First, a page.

The third example is that of Indonesia, a Muslim majority nation with a duly elected Christian President, and they now have a raging debate about electing a Christian governor for Jakarta province. I am sure they will honor their pluralistic constitution called Pancasila based on Madinah treaty.
The United States has been a pioneer in every aspect of human life. Our constitution guarantees liberty to every individual; however we are evolving in our declaration that all men are created equal. We have to take pride in our form of governance, which is becoming pluralistic every day.
Pluralism is nothing but an attitude of live and let live, and it is applicable in every aspect of life including culture, society, religion, politics, sexual orientation, gender, food, ethnicity, race and other uniqueness’s.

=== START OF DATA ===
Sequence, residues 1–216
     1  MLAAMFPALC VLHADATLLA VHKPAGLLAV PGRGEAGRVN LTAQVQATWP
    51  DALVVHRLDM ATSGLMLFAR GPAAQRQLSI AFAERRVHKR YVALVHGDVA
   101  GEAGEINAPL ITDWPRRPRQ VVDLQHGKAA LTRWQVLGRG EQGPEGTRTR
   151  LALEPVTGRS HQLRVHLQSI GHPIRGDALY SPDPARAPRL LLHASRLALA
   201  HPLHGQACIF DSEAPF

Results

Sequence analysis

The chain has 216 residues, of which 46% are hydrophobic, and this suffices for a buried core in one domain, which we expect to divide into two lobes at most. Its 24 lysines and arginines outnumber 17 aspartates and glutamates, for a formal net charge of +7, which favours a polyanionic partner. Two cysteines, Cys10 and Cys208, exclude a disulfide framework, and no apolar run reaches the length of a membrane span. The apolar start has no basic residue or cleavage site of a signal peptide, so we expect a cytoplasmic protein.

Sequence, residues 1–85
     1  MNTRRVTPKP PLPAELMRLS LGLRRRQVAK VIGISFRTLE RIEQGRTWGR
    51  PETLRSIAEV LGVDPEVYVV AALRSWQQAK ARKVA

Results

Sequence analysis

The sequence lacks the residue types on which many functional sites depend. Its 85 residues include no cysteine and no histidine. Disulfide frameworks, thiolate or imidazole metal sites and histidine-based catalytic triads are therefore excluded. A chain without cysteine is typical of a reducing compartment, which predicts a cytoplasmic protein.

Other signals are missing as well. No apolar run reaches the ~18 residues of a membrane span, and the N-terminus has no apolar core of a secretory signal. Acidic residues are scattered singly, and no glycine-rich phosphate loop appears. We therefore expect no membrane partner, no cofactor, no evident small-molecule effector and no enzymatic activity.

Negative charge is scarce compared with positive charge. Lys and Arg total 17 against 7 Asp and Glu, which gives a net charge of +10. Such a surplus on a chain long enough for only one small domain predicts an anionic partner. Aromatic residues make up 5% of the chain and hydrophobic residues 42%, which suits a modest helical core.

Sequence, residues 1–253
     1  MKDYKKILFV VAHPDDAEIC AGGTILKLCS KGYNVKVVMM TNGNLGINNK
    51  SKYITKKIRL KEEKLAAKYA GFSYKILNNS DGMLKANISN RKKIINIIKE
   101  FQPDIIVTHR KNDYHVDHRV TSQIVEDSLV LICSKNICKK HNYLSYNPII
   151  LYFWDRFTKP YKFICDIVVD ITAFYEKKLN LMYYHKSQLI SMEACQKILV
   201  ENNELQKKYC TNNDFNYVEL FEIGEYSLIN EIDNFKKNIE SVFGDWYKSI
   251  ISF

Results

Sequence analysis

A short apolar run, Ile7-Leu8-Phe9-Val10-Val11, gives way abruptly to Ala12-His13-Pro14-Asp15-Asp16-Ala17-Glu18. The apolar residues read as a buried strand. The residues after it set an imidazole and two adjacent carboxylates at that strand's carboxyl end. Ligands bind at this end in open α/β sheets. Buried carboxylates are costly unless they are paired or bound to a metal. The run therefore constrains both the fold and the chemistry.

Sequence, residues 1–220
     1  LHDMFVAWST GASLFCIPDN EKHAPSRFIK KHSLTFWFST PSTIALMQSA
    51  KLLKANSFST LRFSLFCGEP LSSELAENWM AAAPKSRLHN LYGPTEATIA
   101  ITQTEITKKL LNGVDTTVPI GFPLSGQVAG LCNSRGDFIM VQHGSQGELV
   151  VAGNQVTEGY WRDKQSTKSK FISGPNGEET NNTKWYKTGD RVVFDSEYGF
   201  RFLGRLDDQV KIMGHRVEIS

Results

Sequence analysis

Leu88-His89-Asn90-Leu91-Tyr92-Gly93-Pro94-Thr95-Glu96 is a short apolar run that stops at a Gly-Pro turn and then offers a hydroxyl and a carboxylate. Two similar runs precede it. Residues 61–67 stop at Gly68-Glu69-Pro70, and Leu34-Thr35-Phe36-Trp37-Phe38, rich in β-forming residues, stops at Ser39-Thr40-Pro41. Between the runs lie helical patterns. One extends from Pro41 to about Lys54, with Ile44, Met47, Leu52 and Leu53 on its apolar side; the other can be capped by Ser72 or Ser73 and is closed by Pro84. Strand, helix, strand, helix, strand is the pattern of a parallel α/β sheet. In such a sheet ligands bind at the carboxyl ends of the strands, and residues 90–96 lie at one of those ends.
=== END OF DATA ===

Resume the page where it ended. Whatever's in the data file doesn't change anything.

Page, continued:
You practice your faith and I will not meddle with yours, as in the case of contraceptives for Catholics or Mormons, or do not force the church to give access to the transgender identity to their rest rooms, instead build separate for them and preserve each human with his or her dignity.
Pluralism in governance looks at the criminal as an Individual and not a Christian, Jew, Muslim or Hindu. We are not fooling ourselves, we can have both and we would not be cheating one aspect of life over the other.
You are who you are, and I am who I am. As long as we don’t mess with each other’s space, sustenance and nurturance, and mind our own business, we all will do well. If we can learn to respect the otherness of other and accept the God-given uniqueness of each one of the 318 Million of us, then conflicts fade and solutions emerge.